Monday, October 9, 2006

Random October Bits

I think things are going to enter a quiet period here for the rest of the year and into next year. For now, here's a random October collection of interesting comments and newsbits that clears a whole bunch of blog-this flags in my Outlook.

Re-Titled: it was amusing to me that the Wired "Rebuilding Microsoft" article got re-titled to "Ozzie to Face New Challenges at Microsoft" when it showed up in this past Wednesday's daily news summary. Well, I'd rather have the link vs. having it denied because of the article title.

Limited: As we all try to figure out what our reviews mean and how to manage the reviews and compensation, one commenter brought up a rule in their group that anyone over 30 months at level were slapped with Limited on their review:

I'm the "limited fiasco" AC.

Apparently some groups either didn't get the message or chose to ignore it. I have an email from HR indicating that EVERYONE with more than 30 months at level (regardless of level) MUST get a Limited eval. This is why they added "limited scenario 1" and "limited scenario 2".

Your group may have chosen to ignore the memo, but I know that many divisions didn't.

And I know that many senior 64s who got 0 stock award are sitting looking at Google and Amazon's help wanted ads.

Most folks didn't experience this and slapped FUD on that. If a group did decide to do this, I suggest forwarding that HR email to LisaB and tell her this is wrong and some heads need to be knocked around for creating a passive-aggressive punishment system. If you want people gone, RIF them already. I've always told people that Microsoft is pretty happy with you if you reach L63. If you look at the CSPs as well, they give you an idea about what kind of promotion velocity you should be pushing for and it pretty much goes away as you hit the mid-60-levels. The bad thing about this months-at-level idea, hopefully a FUD-dy-duddy idea, is that if people realize they are going to get punished for not getting promoted they are going to do what it takes to get promoted vs. what's the right thing to do for their business.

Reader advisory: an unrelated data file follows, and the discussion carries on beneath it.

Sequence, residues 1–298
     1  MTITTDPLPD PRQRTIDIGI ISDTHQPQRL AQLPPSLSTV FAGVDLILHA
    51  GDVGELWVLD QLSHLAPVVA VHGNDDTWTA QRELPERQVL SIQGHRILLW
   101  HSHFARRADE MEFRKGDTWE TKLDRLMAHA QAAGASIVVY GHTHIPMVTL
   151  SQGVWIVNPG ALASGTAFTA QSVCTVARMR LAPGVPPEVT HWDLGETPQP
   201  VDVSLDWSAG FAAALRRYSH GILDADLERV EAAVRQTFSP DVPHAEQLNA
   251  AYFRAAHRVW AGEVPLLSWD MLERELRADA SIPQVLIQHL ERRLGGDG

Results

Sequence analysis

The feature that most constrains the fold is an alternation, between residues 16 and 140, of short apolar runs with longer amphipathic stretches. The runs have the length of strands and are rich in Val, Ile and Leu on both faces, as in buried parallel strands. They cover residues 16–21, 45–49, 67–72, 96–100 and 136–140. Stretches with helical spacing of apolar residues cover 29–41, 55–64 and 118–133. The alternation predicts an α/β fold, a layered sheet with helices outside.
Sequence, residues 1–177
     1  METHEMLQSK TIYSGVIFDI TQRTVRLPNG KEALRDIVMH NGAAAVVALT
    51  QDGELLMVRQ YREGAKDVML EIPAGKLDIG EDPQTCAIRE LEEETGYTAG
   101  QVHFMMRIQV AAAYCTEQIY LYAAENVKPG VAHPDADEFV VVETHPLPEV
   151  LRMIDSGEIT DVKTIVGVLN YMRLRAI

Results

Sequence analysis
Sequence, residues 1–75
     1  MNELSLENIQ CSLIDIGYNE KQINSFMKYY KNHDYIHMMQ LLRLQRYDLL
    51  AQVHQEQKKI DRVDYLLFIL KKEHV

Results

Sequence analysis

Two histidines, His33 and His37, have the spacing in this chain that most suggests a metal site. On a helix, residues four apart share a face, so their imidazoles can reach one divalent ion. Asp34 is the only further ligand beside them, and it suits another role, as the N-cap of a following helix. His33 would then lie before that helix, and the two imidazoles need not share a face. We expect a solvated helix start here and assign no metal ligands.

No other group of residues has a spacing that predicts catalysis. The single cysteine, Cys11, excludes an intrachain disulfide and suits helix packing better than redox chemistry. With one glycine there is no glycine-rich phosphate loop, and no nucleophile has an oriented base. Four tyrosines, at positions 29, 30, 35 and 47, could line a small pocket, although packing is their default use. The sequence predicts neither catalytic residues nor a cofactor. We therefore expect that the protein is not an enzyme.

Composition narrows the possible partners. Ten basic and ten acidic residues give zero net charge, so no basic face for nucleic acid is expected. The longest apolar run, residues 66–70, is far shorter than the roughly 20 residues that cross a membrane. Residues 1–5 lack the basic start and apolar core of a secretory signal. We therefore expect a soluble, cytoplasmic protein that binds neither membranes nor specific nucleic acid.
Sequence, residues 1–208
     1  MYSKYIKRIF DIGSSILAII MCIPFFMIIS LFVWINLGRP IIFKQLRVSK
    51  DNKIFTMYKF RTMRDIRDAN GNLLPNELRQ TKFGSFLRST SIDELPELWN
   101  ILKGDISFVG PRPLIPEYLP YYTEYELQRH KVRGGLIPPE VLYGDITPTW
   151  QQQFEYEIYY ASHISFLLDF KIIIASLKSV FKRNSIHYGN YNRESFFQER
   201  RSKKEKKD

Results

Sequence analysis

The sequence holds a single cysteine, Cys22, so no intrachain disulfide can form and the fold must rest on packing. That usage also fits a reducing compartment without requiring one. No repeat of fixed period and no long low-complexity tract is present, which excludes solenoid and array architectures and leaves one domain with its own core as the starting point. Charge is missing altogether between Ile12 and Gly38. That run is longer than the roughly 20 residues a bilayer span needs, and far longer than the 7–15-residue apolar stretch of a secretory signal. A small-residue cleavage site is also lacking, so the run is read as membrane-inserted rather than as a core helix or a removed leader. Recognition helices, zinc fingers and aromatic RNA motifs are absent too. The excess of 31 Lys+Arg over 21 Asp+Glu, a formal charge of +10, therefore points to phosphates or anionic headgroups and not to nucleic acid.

More Than Human: Brier Dudley has an interesting HR-infused blog post that covers both Google and Microsoft: Human Resources Issues at Microsoft, Google. It points to the double LisaB article in Monday's Seattle Times by Benjamin Romano:

And while nothing but praises should be shouted out for getting rid of the performance curve and the trended review scores, we still have a dysfunctional stack-rank review system that competes employees against their peers. Small steps.

http://minimsft/: on the upcoming internal employee discussion blog: I want Microsofties to participate on it and not crosspost from the internal blog onto here. When I recognize that happening, or when people see one that got through and point it out, I just will drop the comment into the bit-bucket. On the other hand, you're welcome to crosspost from here and onto the internal blog to continue a discussion on a topic that you know will only include internal Microsofties.

Basic content rule: what starts internal must stay internal. If you have a comment about the discussion area from a non-content point of view then yes, please, write about it.

As for concerns about an HR sponsored discussion area being completely career-safe to engage in: well, you remember that blue Corporate Confidential book, right? HR does not exist to make your life easier. And if that Orange Scarfed Dementor Brigade starts jumping on people, especially anonymous contributors, then we'll all know it's time to throw in the company-provided towell.

Transfers: The new internal transfer program... well, the first response to the internal transfer post was "Hey, what new internal transfer program?" given that it was given a pretty soft-announcement by showing up in Micronews. In general, commenters believe it's a step in the right direction, but it would be much better to just interview for the position and not ever get your manager in involved. While many left stories of revenge when they did look to interview, one story of success came in:

I asked, more appropriately informed, my manager that I am planning to interview and both the times I got promotion. I am now a level above than my peers. I got promotion in two consecutive years whereas normally I would have got one in two years.

I strongly believe that's normally the case. Because that's the only way to keep your super-stars within the group. But minimsft is not a forum for such people. It is forum for people who felt unjustice.

(Oooch.) A deft hand at handling your career with your current boss is always a good idea. I like BizDog's summary of the change best: